Published 10 October 2020

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The Veil law has made it possible to legalize voluntary interruption of pregnancy in order to respond to the distress of some women while significantly reducing the disastrous effects of clandestine abortions.

The 12-week period of amenorrhea was increased in 2001 to 14 weeks to limit the number of women forced to travel abroad to have their pregnancy terminated.

Increasing this time to 16 weeks of amenorrhea increases the use of surgical manoeuvres that may be dangerous to women and to a greater cervical dilation that can lead to long-term complications such as preterm birth.

These remarks lead the French National Academy of Medicine to consider that:

– the extension of the period to 16 weeks of amenorrhea does not meet any legitimate request from women who on the contrary hope for faster care, with the risk of increasing the time limit to their approach,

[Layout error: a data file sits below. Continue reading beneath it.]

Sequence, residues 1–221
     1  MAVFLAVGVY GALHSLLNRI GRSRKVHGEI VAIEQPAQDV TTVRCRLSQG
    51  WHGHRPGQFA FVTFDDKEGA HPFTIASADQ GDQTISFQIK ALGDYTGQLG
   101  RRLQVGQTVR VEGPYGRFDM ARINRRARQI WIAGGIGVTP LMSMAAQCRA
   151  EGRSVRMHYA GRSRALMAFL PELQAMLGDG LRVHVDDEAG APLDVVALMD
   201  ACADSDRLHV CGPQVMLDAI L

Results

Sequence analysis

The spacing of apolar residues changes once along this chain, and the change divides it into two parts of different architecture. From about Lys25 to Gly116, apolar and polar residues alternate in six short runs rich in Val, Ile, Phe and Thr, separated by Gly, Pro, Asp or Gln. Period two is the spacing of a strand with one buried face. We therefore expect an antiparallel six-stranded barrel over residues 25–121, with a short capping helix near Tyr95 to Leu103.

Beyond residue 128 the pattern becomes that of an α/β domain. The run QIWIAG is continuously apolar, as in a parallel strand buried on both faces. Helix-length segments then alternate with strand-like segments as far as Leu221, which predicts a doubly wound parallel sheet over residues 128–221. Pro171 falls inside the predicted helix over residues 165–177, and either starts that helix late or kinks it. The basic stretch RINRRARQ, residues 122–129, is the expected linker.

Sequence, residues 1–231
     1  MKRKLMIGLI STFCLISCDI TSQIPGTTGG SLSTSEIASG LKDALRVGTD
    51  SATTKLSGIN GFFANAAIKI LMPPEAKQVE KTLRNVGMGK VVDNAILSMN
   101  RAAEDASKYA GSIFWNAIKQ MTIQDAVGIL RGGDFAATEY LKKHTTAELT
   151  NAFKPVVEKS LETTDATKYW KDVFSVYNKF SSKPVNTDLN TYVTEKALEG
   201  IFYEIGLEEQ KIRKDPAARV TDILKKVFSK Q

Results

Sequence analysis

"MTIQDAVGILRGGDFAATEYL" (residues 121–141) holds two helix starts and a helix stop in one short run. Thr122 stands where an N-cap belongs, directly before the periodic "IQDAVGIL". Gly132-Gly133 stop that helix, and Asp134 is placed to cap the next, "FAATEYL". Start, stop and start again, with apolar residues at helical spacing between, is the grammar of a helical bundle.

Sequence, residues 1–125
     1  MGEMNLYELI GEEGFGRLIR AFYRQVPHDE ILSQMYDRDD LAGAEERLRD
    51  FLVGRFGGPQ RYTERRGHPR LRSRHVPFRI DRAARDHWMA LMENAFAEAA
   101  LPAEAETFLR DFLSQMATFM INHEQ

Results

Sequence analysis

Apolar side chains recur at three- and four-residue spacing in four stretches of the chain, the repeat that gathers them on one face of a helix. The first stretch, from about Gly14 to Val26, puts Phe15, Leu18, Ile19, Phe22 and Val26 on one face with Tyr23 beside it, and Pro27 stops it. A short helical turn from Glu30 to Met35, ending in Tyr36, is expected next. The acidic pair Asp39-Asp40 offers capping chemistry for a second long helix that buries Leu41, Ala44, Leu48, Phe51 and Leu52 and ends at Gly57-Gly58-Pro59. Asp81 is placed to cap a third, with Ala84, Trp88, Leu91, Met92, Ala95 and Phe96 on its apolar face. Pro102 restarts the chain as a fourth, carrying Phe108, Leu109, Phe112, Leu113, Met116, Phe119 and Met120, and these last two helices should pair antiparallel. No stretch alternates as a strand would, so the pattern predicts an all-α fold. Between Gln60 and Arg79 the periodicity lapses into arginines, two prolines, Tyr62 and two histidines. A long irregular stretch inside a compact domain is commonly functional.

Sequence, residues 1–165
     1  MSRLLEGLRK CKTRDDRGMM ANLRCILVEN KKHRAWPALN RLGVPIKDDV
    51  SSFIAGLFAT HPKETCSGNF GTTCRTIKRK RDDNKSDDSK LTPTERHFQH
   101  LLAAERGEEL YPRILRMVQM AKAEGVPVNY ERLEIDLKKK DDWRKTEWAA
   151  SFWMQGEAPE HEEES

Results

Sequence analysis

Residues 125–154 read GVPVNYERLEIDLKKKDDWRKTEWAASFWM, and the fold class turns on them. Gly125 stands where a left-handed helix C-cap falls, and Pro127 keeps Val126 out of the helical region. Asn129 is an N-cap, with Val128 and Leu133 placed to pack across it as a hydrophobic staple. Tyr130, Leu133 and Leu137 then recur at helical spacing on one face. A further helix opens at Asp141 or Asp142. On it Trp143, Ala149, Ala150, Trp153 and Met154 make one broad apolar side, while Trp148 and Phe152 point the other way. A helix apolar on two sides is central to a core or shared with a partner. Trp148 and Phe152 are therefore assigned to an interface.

– this lengthening will inevitably lead to a significant increase in short or long term complications.

 

As a result, the National Academy of Medicine recommends:

– to maintain the legal deadline for a voluntary termination of pregnancy at 14 weeks of amenorrhea,

– to increase the vigilance and resources of health authorities to optimise the functioning of health centres that take care of the voluntary terminations of pregnancies by making them more accessible and within a shorter time frame,

– advises against transferring skills to midwives for the practice of voluntary terminations of surgical pregnancies at any term given their current lack of surgical qualifications.